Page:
Words can be powerful stimulants. They can evoke ideas, feelings and sensory and motor imagery. “Whack, plop and buzz” – say them aloud and slowly. These are examples of onomatopoeia, meaning they evoke sound. They are also known as ideophones, i.e. idea-inspiring words. In Japanese and some African languages there are ideophones that conjure up sight, smell, taste, kinaesthetic imagery and feelings, but in English, these are regarded as less common and are less researched.
However, we do have many ideophonetic words in English with more than just an onomatopoeic element. Take glimmer – this delightful word evokes a visual response, maybe even warmth, you can almost feel the coals. Twinkle is another example. So is dazzling. Try swashbuckling!
These words provide stimuli via multiple sensory channels and evoke thoughts memories and feelings. Some words have more power than others. Slimy is a beaut word. It evokes a haptic (touch) sense, even a little onomatopoeia, perhaps kinaesthetic imagery as you withdraw from a slimy memory and even some yuckiness as a slimy person or stagnant pond is recalled.
This suggests that ideophonetic words engage a wider neuronal mass including sensory and motor areas than non-ideophonetic words, with a variable engagement due to the context of word use. Words that are textural are known to engage somatosensory areas in the brain, for example “I had a rough day” compared to “I had a bad day” (Lacey et al 2012). Verbs such as throw, lick, touch, turn, grab and grasp may evoke activity in relevant motor areas. Grasp the idea evokes hand motor representations and kick the habit evokes foot representations (Boulenger et al 2009 ). This can be influenced by context and level of abstraction, i.e. hold a moment being more abstract than hold your tummy muscles. This notion of cortical activation reaching into sensory and motor areas of the brain to make sense of words is a foundation of the embodied cognition view point (eg Gallese & Lakoff 2005).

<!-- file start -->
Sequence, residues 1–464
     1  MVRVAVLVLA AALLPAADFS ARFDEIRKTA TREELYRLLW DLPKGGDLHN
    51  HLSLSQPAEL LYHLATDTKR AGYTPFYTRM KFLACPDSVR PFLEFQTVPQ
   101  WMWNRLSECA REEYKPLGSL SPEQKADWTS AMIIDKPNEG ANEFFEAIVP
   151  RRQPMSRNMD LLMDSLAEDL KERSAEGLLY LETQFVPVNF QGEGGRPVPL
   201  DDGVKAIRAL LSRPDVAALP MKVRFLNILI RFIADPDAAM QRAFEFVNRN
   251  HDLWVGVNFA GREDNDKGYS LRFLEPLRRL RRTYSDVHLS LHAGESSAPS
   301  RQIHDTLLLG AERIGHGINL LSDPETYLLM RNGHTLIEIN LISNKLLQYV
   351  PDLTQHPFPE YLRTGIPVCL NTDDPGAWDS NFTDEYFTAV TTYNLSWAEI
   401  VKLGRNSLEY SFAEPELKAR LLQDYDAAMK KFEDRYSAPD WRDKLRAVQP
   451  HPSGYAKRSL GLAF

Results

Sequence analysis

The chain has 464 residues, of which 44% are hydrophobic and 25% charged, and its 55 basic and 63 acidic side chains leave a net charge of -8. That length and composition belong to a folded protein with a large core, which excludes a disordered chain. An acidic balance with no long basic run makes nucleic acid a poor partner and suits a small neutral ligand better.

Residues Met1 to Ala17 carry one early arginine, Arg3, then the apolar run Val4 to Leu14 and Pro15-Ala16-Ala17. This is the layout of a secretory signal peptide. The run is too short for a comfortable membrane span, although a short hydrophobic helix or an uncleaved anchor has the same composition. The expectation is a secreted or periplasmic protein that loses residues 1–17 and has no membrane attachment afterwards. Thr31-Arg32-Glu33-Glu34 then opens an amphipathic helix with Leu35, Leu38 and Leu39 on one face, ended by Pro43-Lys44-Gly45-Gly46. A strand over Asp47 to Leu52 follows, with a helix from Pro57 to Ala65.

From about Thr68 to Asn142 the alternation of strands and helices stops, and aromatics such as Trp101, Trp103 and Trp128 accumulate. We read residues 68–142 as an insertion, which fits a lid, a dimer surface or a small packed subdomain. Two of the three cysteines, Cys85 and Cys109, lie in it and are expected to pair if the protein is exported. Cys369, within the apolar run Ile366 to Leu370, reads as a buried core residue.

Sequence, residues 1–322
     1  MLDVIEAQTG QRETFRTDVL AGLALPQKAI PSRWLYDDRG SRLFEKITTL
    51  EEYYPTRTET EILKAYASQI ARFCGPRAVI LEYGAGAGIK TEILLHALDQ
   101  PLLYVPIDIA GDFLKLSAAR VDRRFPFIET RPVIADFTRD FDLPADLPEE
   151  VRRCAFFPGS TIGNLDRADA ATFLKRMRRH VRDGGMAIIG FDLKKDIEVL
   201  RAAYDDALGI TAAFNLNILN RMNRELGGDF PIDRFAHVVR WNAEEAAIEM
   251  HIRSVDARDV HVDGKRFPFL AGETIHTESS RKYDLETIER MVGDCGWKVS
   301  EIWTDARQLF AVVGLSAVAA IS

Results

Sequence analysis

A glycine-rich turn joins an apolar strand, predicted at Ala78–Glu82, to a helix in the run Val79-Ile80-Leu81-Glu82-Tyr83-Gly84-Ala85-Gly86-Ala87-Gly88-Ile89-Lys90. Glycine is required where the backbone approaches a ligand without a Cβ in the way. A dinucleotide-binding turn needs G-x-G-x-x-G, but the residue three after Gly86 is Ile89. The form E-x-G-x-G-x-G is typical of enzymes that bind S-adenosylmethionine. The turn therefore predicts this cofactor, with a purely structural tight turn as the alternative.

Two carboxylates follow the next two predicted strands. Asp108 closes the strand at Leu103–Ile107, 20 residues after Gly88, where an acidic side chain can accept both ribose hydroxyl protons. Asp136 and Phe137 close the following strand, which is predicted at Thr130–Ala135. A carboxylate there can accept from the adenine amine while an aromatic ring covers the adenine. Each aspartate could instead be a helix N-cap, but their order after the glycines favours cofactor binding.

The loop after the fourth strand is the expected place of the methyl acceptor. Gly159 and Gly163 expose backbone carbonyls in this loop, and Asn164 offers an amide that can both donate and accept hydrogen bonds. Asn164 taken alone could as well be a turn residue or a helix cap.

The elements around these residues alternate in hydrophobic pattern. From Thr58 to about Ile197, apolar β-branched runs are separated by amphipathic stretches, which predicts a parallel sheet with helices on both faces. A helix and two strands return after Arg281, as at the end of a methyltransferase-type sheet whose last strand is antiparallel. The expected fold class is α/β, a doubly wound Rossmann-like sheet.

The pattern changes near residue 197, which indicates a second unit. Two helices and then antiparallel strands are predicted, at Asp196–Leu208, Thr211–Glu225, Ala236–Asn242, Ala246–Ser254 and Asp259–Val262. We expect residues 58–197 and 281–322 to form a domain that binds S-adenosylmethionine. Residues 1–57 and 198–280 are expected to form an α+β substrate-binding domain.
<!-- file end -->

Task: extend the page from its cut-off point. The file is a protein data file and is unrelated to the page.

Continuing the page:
To the clinic, making a presentation or writing a paper
Ideophones could be helpful in many ways. For example, they may enhance message memorability and even help compliance with therapy. They may be useful in mental imagery by providing novel ways to activate and include new brain areas. They may enhance synaptic efficacy with meaningful words allowing quick capture of a concept – this may of course be useful or non-useful. The word “pain’ will be ideophonetic for some more than others, but like any stimulus, a linguistic stimulus can be regulated. The notion may encourage therapists to try out and use new words in the clinic.
The words lubricate and lubrication are ideophonetic. The ‘loooo’ may be onomatopoeic and inspire gliding imagery. ‘Bric’ has a tacky textural feel to it, at least to my mind.
I have an interest in osteoarthritic knees. I may say something like this to a client:
Try these strengthening and lubricating exercises for your knees, legs and body. Do them with the knowledge that even though they may be sensitive, these movements will be healthy, helpful and won’t cause any damage. I want to encourage you to do them in different places, with different people, at different times of the day and in different moods. This all gives you a richer knee representation in the brain by allowing many nerve cells to look after your knees when you need it.
The knees will respond by self-lubricating and making a reserve store of lubrication fluid. They will glisten, gleam and glide beautifully and every movement will nourish the knee, continually lubricating it. The quality of the joint fluid increases when you repeat the activity, when you know why you are doing it and when you have some future goals. Try to do lovely silky smooth movements to get that knee dancing back to life. Joint surfaces love a bit of pumping action too– it encourages fresh healing blood to the area and liberates even more joint fluid.
Share your favourite ideophones here!
Boulenger V et al 2009 Cereb Cortex 19: 1905
Gallese & Lakoff 2005 Cogn Neuropsychol 22:455
Lacey S et al 2012 Brain & Language 120:416